Dr. Patricia F. Maness is Professor of Biochemistry at the University of North Carolina School of Medicine. Over her distinguished career Dr. Maness has identified novel molecular signaling mechanisms that govern axon guidance and synaptogenesis in the developing mammalian brain through an innovative combination of mouse genetics, biochemistry, and molecular/cellular biology. She has trained 20 postdoctoral and 14 graduate fellows, and teaches neuroscience and biochemistry to medical and graduate students in the UNC School of Medicine.
Dr. Maness has received numerous awards including a Hilton Distinguished Investigatorship from the National Alliance for Research in Schizophrenia and Depression, Jefferson-Pilot Award, NIH Career Development Award, and Pogue Fellowship for Scholarly Research. She has been a full-term member of two NIH Study Sections: Neurodifferentiation, Plasticity, and Regeneration (NDPR; 2013-2017) and Neurology C (1988-1992). She has served on the Editorial Boards of Journal of Biological Chemistry and Frontiers in Neuroanatomy, and is currently Associate Editor of Frontiers in Neuroanatomy.
Dr. Patricia Maness received a B.A. in Microbiology from the University of Texas in 1970. She obtained her Ph.D. in Biochemistry from the University of Texas in 1975. Her thesis research was notable in identifying a key metabolic enzyme of mammalian nucleotide metabolism, Pyrimidine Nucleoside Monophosphate Kinase. This multi-substrate enzyme is essential for both DNA and RNA de novo synthesis, and displays an unusual mechanism for differential phosphorylation of CMP, dCMP, and UMP. For this research she received the Sigma Xi Award for outstanding thesis. Dr. Maness then carried out postdoctoral training at Rockefeller University with Nobel laureate Dr. Gerald M. Edelman, where she was an Anna Fuller Fund Fellow and was later appointed Assistant Professor. There Dr. Maness made important contributions to understanding oncogenic growth regulation. She developed the first assay for the Src onco-protein, and demonstrated that this tyrosine kinase circumvents contact-dependent cell growth by disrupting actin cytoarchitecture.
Dr. Maness assumed a faculty position in the UNC Department of Biochemistry in 1980. There she turned to the role of proto-oncogenes in normal cell differentiation. She succeeded in developing an antibody to the cellular Src kinase, which enabled her to make a ground-breaking discovery that c-Src functions in the developing nervous system to promote axon growth rather than proliferation, thus distinguishing it from oncogenic Src. This finding had widespread implications for our general understanding of the roles of proto-oncogenes in cell differentiation. She went on to reveal that Src family kinases (Src, Fyn, Yes) promote axon growth as downstream signaling effectors of neural cell adhesion molecules. These studies transformed our understanding of cell adhesion molecules of the immunoglobulin superfamily (Ig-CAMs), establishing that they are signaling receptors and not simply molecular “glue.” Her laboratory systematically deciphered the signaling pathways leading from Ig-CAMs (L1, Close Homolog of L1, NrCAM, NCAM) through Src kinases, small GTPases and MAP kinases to control axon guidance within the motile nerve growth cone at the axonal tip.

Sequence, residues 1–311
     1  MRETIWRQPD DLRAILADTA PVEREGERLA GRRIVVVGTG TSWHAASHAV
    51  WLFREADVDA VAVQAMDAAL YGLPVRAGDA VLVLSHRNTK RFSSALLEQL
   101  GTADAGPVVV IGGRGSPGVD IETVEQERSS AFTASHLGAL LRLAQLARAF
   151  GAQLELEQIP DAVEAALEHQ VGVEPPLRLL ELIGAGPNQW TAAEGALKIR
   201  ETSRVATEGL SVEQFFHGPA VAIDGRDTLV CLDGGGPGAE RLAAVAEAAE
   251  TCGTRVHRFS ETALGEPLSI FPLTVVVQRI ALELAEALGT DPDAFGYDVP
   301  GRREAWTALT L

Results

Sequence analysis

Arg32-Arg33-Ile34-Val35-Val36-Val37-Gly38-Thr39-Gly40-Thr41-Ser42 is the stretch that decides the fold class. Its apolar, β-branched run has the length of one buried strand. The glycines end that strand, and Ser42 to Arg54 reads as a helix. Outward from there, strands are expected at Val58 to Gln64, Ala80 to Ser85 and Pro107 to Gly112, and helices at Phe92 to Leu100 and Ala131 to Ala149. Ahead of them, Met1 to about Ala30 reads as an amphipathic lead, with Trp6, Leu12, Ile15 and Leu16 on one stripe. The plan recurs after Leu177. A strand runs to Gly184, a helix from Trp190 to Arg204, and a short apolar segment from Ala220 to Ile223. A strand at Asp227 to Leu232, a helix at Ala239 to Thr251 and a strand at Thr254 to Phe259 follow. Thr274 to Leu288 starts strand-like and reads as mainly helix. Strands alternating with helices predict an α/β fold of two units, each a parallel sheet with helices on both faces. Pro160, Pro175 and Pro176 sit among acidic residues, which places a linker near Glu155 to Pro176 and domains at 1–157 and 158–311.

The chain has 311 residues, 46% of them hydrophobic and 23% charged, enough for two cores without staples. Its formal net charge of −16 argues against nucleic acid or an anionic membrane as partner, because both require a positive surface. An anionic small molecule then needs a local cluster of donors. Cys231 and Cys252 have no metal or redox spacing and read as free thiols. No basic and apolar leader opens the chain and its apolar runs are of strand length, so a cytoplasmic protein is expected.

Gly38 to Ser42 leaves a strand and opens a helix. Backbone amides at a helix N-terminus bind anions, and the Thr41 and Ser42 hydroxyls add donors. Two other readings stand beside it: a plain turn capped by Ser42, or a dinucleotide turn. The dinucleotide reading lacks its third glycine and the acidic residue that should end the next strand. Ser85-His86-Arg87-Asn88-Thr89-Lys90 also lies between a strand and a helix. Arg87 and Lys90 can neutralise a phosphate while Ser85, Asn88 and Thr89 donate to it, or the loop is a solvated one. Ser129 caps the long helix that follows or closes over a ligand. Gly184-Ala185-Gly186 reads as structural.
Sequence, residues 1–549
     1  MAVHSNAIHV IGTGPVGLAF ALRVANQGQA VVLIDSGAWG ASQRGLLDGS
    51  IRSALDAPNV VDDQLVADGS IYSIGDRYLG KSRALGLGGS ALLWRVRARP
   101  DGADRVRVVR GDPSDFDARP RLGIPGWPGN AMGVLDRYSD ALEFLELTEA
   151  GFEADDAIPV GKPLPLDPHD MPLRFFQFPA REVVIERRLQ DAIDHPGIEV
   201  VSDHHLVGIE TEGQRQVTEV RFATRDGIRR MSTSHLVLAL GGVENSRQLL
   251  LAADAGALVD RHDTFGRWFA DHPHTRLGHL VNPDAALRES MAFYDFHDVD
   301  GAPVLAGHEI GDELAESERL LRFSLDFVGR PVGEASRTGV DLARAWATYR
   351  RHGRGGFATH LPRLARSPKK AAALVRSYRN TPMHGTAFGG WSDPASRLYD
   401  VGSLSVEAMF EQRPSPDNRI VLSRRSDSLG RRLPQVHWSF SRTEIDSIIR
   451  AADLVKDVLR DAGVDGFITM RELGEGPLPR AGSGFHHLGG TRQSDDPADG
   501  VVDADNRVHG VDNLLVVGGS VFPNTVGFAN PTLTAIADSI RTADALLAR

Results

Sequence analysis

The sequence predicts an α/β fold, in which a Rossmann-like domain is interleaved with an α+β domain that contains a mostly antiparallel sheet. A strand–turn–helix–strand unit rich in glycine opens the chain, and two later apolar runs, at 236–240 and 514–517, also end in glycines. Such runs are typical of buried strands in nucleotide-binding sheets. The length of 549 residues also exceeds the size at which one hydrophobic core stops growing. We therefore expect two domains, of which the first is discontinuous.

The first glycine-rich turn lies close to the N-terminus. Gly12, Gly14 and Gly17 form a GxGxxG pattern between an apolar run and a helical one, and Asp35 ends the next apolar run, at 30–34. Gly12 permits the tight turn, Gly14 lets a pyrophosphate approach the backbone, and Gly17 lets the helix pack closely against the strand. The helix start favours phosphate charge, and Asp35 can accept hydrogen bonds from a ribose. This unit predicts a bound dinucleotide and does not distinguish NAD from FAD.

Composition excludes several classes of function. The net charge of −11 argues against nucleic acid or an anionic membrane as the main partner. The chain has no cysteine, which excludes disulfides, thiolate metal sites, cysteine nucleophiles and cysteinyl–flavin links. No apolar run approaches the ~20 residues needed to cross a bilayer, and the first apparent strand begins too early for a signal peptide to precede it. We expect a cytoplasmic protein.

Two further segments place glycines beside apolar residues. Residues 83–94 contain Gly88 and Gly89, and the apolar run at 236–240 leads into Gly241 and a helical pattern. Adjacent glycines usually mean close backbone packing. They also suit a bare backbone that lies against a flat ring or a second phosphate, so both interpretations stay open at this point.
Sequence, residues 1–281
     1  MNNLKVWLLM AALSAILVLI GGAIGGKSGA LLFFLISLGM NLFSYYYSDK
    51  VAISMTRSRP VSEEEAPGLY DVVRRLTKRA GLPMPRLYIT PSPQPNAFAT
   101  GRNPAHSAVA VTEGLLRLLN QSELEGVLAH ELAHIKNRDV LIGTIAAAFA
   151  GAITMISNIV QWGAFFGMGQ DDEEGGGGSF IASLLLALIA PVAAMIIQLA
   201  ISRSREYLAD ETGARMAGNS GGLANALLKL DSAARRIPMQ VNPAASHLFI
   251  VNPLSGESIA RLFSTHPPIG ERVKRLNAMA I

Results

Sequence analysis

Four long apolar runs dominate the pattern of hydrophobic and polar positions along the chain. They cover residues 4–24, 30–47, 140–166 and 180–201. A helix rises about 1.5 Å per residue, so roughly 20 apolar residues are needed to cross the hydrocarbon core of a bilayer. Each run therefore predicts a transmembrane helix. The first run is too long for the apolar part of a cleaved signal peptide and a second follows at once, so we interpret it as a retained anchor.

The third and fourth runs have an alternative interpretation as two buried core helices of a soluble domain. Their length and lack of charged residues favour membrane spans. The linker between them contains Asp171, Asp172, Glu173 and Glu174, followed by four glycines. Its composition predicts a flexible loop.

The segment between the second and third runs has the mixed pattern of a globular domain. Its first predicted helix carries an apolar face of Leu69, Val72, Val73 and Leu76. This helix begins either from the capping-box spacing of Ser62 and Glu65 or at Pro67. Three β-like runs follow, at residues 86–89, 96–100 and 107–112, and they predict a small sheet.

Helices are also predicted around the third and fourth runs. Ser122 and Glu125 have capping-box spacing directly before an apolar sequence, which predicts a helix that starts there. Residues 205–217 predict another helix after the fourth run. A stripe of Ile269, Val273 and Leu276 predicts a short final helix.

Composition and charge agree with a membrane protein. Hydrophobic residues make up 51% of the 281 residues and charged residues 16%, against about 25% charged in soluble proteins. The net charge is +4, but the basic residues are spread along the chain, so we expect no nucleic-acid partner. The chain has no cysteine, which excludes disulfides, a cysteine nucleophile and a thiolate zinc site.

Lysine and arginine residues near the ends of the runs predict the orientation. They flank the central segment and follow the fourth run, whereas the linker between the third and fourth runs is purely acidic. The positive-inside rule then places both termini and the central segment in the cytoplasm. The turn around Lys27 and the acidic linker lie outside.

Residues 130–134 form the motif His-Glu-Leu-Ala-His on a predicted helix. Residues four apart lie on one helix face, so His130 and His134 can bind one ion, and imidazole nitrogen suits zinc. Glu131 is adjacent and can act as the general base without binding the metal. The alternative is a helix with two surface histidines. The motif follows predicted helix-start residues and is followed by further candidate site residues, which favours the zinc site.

Genetic alterations in Ig-CAMs are associated with human neuropsychiatric diseases, including autism (NrCAM), intellectual disability (L1, CHL1), and schizophrenia (NCAM). Maness’s laboratory generated novel Ig-CAM genetic models in mice that have illuminated the neural circuits controlled by these molecules and the biological consequences of Ig-CAM disease mutations. Her approach has identified mechanisms of topographic axon guidance resulting from Ig-CAM interaction with repellent guidance cues (Semaphorins and Ephrins) and cytoskeletal adaptors (Ankyrins), as well as pathological errors that disrupt connectivity in thalamo-cortical and retino-collicular circuits.
Maness has continued to make innovative discoveries in neurodevelopment. Recently she uncovered a novel mechanism of selective spine pruning, which eliminates overproduced dendritic spines and nascent synapses that arise during adolescence, thus shedding light on neurodevelopmental disorders with aberrant spine density and altered excitatory-inhibitory balance in cortical networks controlling social and cognitive behavior. She demonstrated that Ig-CAMs prune distinct populations of dendritic spines and excitatory synapses through their association with diverse Semaphorin receptor complexes. She also discovered a related mechanism in which the adhesion molecule NCAM regulates the activity of ephrin receptor EphA3 to prune excess perisomatic contacts made by inhibitory basket interneurons in the developing prefrontal cortex, critical for working memory.